• Guidance, advice and support (capacity-building in the administration): Issuing guidelines, offering guidance and providing training.
    • Systematic improvement of regulatory policy (scrutiny of the system): Monitoring and reporting, including reporting progress to parliament/government to help track the success of the implementation of regulatory policy.

Source: Reproduced in OECD Report, “Strengthening Policy Development in the Irish Public Sector in Ireland

6724d155-en.pdf (oecd-ilibrary.org) .

What might Ireland’s response be?

There is sufficient evidence provided in the OECD report to support the recommendation that Ireland should consider strengthening the regulatory oversight function to carry out core oversight roles, such as co-ordination and quality control of ex-ante RIA, stakeholder management and ex post reviews. If a regulatory oversight function were in place, it could publish opinions on whether due process and the core steps of the RIA process (including consultation and ex-post reviews) are being undertaken. The regulatory oversight function could also produce publicly available advice on the quality of the RIA documents. Indeed, the OECD report suggests that – “… annual reports could be published on compliance rates and the quality of RIAs by department to gently incentivise the enhancement of RIAs. Departments could potentially be prevented from taking a draft legislative proposal to cabinet if an RIA is deemed to be of poor quality or if the department has failed to publish an RIA for stakeholder consultation”. Furthermore, the OECD report suggests that the body responsible for the regulatory oversight function could co-ordinate RIA training across government departments and agencies, ensuring a regular programme of RIA training for new and existing civil servants.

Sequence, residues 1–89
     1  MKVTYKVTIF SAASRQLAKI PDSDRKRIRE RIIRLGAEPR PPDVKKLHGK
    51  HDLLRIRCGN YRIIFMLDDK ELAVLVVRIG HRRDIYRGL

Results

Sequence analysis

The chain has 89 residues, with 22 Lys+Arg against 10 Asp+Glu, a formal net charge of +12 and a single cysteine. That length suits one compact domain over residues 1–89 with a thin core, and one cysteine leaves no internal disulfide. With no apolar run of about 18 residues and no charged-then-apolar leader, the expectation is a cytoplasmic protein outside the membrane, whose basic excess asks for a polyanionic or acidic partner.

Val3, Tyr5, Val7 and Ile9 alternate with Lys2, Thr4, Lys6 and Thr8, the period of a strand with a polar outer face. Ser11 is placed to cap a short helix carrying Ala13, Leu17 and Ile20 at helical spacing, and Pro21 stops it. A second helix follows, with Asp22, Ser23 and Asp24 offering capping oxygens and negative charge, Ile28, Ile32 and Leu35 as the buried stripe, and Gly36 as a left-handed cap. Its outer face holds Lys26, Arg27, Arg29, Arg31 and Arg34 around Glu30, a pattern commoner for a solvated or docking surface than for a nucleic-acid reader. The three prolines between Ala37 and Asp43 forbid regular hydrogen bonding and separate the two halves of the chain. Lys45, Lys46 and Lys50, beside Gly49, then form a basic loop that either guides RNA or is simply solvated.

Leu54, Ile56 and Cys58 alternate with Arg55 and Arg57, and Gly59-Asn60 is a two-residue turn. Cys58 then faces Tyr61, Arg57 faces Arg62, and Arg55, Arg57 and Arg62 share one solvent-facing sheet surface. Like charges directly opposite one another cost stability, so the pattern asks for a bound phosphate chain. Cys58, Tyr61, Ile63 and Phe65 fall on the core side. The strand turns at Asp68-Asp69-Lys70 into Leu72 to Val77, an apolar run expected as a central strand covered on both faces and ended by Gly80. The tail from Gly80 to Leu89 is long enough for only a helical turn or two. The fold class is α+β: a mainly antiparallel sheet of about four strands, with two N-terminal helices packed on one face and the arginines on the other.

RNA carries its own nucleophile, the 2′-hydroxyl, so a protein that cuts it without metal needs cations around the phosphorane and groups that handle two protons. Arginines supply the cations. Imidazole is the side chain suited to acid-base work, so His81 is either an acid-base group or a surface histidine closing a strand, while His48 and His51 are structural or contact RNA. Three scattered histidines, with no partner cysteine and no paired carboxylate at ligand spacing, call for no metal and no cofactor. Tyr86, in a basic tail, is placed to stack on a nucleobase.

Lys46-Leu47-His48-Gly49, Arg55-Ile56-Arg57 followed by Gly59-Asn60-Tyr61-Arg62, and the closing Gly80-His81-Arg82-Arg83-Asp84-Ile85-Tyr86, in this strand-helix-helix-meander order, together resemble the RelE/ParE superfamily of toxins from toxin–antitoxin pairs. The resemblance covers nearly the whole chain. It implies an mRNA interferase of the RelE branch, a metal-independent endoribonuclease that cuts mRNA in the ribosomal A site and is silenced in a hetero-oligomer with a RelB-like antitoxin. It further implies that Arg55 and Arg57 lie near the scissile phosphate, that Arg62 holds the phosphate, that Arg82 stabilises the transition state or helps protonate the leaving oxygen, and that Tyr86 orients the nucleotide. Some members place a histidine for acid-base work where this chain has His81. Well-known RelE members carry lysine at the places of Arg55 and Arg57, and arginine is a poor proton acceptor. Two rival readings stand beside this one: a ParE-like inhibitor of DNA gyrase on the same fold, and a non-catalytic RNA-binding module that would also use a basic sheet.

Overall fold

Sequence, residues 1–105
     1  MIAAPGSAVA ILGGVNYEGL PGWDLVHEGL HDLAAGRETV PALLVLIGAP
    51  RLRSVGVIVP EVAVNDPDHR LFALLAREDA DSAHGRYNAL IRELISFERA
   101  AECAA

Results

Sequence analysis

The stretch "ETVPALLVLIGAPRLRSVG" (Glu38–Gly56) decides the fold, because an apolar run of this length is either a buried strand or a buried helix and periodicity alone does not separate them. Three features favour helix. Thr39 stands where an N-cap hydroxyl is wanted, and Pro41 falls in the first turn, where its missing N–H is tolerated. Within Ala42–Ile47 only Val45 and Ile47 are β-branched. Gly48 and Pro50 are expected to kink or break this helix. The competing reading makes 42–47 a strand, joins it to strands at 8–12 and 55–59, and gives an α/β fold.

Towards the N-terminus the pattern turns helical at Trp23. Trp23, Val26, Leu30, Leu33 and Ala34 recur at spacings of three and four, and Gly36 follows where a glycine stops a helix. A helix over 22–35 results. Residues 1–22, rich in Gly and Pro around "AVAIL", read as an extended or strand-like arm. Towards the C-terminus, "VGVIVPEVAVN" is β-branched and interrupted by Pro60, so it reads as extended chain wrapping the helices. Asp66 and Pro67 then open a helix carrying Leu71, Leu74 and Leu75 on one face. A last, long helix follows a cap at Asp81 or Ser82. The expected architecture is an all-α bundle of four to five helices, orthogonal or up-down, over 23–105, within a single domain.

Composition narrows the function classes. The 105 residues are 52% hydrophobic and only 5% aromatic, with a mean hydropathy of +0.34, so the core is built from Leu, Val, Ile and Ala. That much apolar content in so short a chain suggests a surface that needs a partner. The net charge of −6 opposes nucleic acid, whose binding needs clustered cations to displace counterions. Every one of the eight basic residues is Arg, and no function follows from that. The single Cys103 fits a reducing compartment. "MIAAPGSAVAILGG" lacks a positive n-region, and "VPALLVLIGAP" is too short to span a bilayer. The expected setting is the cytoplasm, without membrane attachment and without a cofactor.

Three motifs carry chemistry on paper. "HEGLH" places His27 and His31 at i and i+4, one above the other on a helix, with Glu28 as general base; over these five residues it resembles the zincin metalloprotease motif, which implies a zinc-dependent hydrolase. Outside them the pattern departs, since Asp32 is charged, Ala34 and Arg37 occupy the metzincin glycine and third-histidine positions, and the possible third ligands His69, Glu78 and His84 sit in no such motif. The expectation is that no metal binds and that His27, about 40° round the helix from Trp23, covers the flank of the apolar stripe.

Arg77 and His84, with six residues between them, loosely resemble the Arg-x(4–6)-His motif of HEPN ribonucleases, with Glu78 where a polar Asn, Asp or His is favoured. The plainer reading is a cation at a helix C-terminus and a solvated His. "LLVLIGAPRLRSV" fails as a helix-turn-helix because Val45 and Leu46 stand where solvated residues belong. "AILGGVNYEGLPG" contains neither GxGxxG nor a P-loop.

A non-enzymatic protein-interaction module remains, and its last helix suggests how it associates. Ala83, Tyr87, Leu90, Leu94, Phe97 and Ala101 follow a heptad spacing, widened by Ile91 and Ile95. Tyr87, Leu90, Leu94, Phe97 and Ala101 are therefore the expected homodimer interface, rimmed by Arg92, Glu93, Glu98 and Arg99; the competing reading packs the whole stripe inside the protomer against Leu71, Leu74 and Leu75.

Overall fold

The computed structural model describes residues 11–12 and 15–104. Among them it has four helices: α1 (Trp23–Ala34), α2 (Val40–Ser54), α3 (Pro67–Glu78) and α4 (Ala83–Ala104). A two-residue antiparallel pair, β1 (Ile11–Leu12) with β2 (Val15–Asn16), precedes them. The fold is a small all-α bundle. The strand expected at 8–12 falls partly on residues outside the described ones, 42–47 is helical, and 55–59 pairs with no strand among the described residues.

The OECD went further with its advice and suggested four different ways in which a body, responsible for the regulatory oversight function, could be established. These alternatives are set out in Box B.

Box B: Different Ways to Establish Ireland’s Regulatory Oversight Function

Re-establishing the Better Regulation Unit: The Unit would again be in the Department of the Taoiseach with the same functions as before – although potentially with an additional power than previously, to prevent RIAs deemed low quality from going to cabinet.